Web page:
3.8 PARACHUTE TRAINING

The flight crew will receive a review briefing on parajump techniques and procedures and each crew member will make two parachute landings over water in full flight gear. A parasail will be used for this training and the crews will wear the harness, lanyards, and egress gear applicable to a parachute landing and survival.
3.9 GEMINI CREW STATION MOCKUP

The Gemini crew station mockup, which duplicates the Gemini spacecraft internal geometry, will be used by the flight crews to establish cockpit stowage provisions, pressure suit and ejection seat interfaces, and use of special operational equipment. The advantages -afforded by this mockup are early availability and stowage flexibility. The flight crews will use this trainer for a stowage review prior to the MAC Horizontal SEDR Test (H383-6) and as required during later training. 3.10 BRIEFINGS AND MEETINGS

The three major areas of briefings (excluding those briefings and reviews in conjunction with training exercises) are the flight plan reviews, spacecraft systems briefings, and flight experiments briefings. 3.10.1 Flight plan reviews.- The flight plan will be reviewed with the flight crews on an as required basis. The first review will be conducted shortly after crew selection and before commencement of their preflight training program.

3-9
3.10.2 Systems briefings.- The flight crews will receive a series of briefings covering each major spacecraft systems at.the. beginning.of crew participation in spacecraft testing, and later at Cape Kennedy, approximately six weeks before flight. A systems review briefing will be held approximately 10 days prior to flight at Cape Kennedy. These briefings will be given by engineers involved in spacecraft testing. Each system will be discussed in detail with emphasis on operational techniques and functional interrelationships. 3.10.3 Flight experiments.- The experiments for this mission will be reviewed in general with the flight crews at the beginning of specific mission training, approximately four months prior to flight. These briefings will be given by the experimenters and Flight Experiments Section personnel, emphasizing experimental objectives and crew procedures. Experiments will be reviewed again at approximately seven weeks and two weeks prior to flight to cover latest status and modifications to equipment and procedures. The Crew Station Mockup will be used early in the training period to develop proficiency in the manipulation and stowage of experimental equipment. The Gemini Mission Simulator, the Part Task Trainer, and the Translation and Docking Simulator will be used for operational crew training on experiments during the specific mission training period.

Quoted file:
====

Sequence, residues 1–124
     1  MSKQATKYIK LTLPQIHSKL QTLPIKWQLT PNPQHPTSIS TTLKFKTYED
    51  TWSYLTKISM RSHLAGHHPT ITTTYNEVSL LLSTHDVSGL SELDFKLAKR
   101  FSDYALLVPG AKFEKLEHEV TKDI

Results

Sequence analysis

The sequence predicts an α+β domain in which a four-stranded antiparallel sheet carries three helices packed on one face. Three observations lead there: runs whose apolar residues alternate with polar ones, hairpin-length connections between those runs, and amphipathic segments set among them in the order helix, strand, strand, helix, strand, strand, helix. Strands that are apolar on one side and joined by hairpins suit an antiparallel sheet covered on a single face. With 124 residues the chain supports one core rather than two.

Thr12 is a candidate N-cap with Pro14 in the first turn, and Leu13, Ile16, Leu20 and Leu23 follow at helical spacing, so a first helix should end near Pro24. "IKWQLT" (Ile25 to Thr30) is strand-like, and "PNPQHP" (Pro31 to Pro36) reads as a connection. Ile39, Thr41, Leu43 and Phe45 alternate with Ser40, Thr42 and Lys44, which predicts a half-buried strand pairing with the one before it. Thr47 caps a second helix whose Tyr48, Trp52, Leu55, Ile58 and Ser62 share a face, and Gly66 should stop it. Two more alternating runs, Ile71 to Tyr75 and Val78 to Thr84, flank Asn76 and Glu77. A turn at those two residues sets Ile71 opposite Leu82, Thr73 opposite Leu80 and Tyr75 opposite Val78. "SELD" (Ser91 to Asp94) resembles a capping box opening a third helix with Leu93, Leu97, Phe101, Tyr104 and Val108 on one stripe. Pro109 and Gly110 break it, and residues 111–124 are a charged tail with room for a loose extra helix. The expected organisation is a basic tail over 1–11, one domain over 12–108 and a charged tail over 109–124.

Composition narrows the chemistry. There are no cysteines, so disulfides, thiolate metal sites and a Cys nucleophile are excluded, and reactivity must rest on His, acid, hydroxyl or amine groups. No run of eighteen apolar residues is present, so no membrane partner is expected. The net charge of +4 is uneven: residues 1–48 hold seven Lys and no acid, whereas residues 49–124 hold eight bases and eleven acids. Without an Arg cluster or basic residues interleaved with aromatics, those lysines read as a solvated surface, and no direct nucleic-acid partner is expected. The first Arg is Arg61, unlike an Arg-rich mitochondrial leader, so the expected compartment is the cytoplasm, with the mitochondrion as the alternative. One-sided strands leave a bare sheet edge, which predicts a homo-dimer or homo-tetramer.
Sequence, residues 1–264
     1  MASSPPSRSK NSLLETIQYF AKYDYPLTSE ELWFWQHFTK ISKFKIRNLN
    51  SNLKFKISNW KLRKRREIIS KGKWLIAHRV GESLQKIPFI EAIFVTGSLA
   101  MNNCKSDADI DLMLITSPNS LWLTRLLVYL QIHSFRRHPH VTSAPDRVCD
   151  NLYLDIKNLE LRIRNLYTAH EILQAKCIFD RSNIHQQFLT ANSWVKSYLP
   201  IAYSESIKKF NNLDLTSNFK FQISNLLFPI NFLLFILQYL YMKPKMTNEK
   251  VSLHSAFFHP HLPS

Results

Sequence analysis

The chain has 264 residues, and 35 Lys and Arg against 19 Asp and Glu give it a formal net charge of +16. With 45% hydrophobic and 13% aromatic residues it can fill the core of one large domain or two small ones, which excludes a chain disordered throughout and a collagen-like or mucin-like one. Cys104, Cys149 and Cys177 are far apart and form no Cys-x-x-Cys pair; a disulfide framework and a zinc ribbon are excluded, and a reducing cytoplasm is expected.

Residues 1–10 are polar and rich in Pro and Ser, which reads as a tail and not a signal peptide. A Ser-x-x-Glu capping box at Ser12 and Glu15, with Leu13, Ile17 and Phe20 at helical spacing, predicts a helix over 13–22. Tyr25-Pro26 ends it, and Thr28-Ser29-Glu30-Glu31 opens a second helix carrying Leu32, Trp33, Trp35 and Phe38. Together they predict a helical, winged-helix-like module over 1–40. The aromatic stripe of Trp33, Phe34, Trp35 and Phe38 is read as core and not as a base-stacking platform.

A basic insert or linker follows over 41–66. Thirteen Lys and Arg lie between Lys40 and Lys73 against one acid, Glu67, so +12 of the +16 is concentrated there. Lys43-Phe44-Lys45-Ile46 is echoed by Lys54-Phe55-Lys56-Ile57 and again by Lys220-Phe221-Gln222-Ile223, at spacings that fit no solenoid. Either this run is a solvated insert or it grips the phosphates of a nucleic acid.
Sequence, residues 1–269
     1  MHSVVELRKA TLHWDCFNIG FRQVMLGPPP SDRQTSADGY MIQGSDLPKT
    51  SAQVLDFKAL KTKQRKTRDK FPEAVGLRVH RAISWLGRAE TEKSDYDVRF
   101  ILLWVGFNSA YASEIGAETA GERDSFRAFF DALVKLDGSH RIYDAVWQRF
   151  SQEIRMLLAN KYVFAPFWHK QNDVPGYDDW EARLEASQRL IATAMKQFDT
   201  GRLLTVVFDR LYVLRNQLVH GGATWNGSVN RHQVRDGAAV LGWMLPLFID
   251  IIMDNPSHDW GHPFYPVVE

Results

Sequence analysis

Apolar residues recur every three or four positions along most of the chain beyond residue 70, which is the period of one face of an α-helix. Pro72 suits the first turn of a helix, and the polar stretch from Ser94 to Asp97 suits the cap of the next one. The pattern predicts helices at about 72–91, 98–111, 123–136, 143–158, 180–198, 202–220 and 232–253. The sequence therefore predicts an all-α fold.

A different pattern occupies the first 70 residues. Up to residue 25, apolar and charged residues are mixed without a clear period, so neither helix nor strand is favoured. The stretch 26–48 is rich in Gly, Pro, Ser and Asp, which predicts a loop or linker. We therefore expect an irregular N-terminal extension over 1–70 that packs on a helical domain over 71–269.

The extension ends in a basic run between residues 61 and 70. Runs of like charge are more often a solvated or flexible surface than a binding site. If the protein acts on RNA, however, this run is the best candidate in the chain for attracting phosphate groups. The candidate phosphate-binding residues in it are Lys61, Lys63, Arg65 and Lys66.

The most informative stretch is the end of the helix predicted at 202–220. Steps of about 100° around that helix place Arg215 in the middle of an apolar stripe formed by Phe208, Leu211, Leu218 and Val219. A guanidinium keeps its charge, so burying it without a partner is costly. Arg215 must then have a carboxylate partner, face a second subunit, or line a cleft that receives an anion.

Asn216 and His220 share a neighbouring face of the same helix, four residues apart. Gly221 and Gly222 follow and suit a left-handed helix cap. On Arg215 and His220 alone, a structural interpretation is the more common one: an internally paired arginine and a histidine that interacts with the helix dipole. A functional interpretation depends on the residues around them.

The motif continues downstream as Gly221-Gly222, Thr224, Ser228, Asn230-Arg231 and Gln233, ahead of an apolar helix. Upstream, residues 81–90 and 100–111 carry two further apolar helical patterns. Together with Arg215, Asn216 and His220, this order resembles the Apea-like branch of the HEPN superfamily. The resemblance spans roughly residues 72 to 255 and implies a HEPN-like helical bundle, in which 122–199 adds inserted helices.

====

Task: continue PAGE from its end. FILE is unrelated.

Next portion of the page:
3.11 OTHER TRAINING ACTIVITIES

3.11.1 McDonnell Aircraft (MAC) rendezvous engineering simulators. The McDonnell rendezvous engineering simulations at St. Louis will be used by the crews for familiarization with rendezvous techniques and procedures. Crew participation in those simulations will be scheduled informally by the crews, generally between spacecraft tests at MAC. 3.11.2 Part Task Trainer.- The Gemini Part Task Trainer will be used as required for practice of techniques and procedures used during the terminal phase of rendezvous and docking. The time spent on the GPTT will depend on the capability of the Gemini Mission Simulator, the primary rendezvous training device. 3/11.3 Aircraft flying.- To the extent possible, crew travel in support of engineering and training activities will be via NASA aircraft. This will expedite crew travel and will maintain crew member flying skills. Frequently, experiments training equipment can be utilized during these flights. 3.11.14- GT-k and GT-5 missions.- The crews will participate in the GT-U and GT-5 launch operations and postflight debriefings.

3-10
3.11.5 Contractor visitations.- In addition to spacecraft system tests, the flight crews will spend a considerable amount of time supporting engineering operations and participating in various evaluations at contractor facilities.

h-l

k.O

FIGURES

4-2
TIME (Hours)
O

O

o uS

150

SPACECRAFT TESTING

75

MISSION SIMULATOR

50

SYSTEMS BRIEFING

30

FLIGHT PLAN REVIEWS

30

MAC RENDEZVOUS SIMULATOR

e

M

30

OPERATION REVIEWS

30

EXPERIMENT BRIEFINGS

24

EGRESS AND RECOVERY TRAINING

16

TRANSLATION AND DOCKING SIMULATOR

16

SPACECRAFT MOCKOP TRAINING

12

DYNAMIC CREW PROCEDURES SIMULATOR

ZERO - "G" AIRCRAFT TRAINING

8j

PLANETARIUM

Figure U-l.- Time spent by each crew member on training or related activities during preflight training period.

WEEKS TO GT-6 LAUNCH

4-3

24

23

22

21

20

19

18

17

16

15

13

11

4

3

2

H I1 1I I ZER 0 G TNG ii I | | I i G EM INI SYS 1BRIEF •
|

AGE3W

I I EXP BRIEF I I II I I II I MOCKUP STOWAGE REVIEW I I I II II I iI MAC RENDEZVOUS SIM


1

1 as iffiVILEM


PLANETARIUM
FI..T C:i'L BH IE3F

.

1

0

mi i

WATER EGRESS TNG PARA TNG I I II I I FLT PLAN" REVIEW

PAD EGRESS TNG ra-

TRANS AMD DOCK TNG TRANS

LAUNCH ABORT TNG NET SIMS Ii

|

•i
1

CMS TNG
SYS ASSUl 1 TEST i I P

|

HI 1

.
1

SIM FL

III!
ALT CHAMB HOR SEDR i i ii i i i i i ii i i ii SIMULTANEOUS LAUNCH DEM PLAN X PREMATE VALIDATION

. :; .:i. .i::':.
i
1

1

EVIRON AND JOINT G & C i I I I ii i i i ii i JOINT COMB SYS TEST i i I I I. I I I I I I I I FLT CONFIG MODE TE 3T TEST I I I WI IGHT & BAL i i I I I1i ii S LAUNCH I)E2

I

MATE

I!

,

t

1

FI N A.]L S Y£, n]£ T ii i c>IIn E•L T k.

Figure 4-2.
1 '

CREW TRAINING SCHEDULE

t•i

Sign up to vote on this title
UsefulNot useful